Strong wage growth, but inflation is eating away gains
Strong demand for workers across multiple sectors has driven wages up roughly 6% on an annual basis, a higher growth rate than at any point in over the past 20 years. This is what economists call nominal wage growth — that is, pay gains before taking inflation into account. However, rising prices are eating away those gains and causing many employees to lose ground when it comes to actual purchasing power.
One of the biggest questions for the US economy is the future path of nominal wage growth. The latest data are mixed, as widely-cited average hourly earnings data show wages slowing down and the Atlanta Fed’s Wage Growth Tracker shows a recent acceleration. A better read on the current state of wage growth will be possible with the release of new data from the Employment Cost Index data this coming Friday. A flatlining or decline in wage growth would signal that competition for new hires is starting to wane, albeit at still fierce levels.
People are returning to work – but pace is slowing
Labor supply has not grown as swiftly as demand, but people are returning to work. However, the pace of improvement has slowed recently. The labor force participation rate was slowly but steadily increasing for the latter part of last year and picked up its pace through this spring. But since April, the participation rate has leveled off. A very similar trend has unfolded for the employment-to-population ratio, a more expansive measure of labor supply. If demand continues to cool and wage growth does slow then the incentive for many workers to enter or rejoin the labor force may diminish. This change in calculus would be true for both prime-age workers and older workers who are ‘unretiring.’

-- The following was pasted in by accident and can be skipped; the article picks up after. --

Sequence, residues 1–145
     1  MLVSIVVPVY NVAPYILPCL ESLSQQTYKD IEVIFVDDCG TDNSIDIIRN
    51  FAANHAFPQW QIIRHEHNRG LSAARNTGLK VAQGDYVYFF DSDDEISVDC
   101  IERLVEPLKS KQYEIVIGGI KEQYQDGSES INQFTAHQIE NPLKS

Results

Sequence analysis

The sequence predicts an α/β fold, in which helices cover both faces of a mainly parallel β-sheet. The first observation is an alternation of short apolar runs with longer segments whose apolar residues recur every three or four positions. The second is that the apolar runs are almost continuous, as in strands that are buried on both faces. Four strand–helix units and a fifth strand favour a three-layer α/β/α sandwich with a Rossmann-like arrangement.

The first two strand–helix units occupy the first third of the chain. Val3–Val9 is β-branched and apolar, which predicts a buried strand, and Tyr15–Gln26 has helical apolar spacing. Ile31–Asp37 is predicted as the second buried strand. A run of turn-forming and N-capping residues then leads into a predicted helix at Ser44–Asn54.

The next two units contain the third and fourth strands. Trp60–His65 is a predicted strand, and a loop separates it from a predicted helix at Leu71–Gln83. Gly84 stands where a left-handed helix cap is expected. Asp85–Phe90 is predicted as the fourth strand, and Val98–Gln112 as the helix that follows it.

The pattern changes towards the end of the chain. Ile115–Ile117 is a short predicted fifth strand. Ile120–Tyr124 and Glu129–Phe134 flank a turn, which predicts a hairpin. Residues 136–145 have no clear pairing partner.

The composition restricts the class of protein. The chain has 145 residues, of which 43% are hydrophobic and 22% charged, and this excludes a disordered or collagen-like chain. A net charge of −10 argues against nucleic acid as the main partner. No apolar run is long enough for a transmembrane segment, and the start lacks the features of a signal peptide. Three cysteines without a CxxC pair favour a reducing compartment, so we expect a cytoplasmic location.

Workers are quitting jobs at a high rate
Employed workers are also finding new work, pushing the rate of job quitting to levels not seen in the 21st century. A remarkable 3.1% of private sector workers voluntarily left their jobs in May 2022. While quitting is still elevated, it has cooled down slightly in recent months.This high volume of quitting reflects strong demand for workers and has been concentrated in lower average-wage industry sectors such as manufacturing and leisure and hospitality. Some sectors have seen a pickup in quitting as of late, namely construction.
The US labor market has been offering plenty of opportunities for workers while presenting some challenges to employers. However, the present situation undoubtedly will change. We will continue to monitor these trends and track others as the labor market evolves.
Data on seasonally adjusted Indeed job postings are the percentage change in seasonally adjusted job postings since February 1, 2020, using a seven-day trailing average. February 1, 2020, is our pre-pandemic baseline. We seasonally adjust each series based on historical patterns in 2017, 2018, and 2019. We adopted this methodology in January 2021. Data for several dates in 2021 and 2022 are missing and were interpolated. Non-seasonally adjusted data are calculated in a similar manner except that the data are not adjusted to historical patterns.
The number of job postings on Indeed.com, whether related to paid or unpaid job solicitations, is not indicative of potential revenue or earnings of Indeed, which comprises a significant percentage of the HR Technology segment of its parent company, Recruit Holdings Co., Ltd. Job posting numbers are provided for information purposes only and should not be viewed as an indicator of performance of Indeed or Recruit. Please refer to the Recruit Holdings investor relations website and regulatory filings in Japan for more detailed information on revenue generation by Recruit’s HR Technology segment.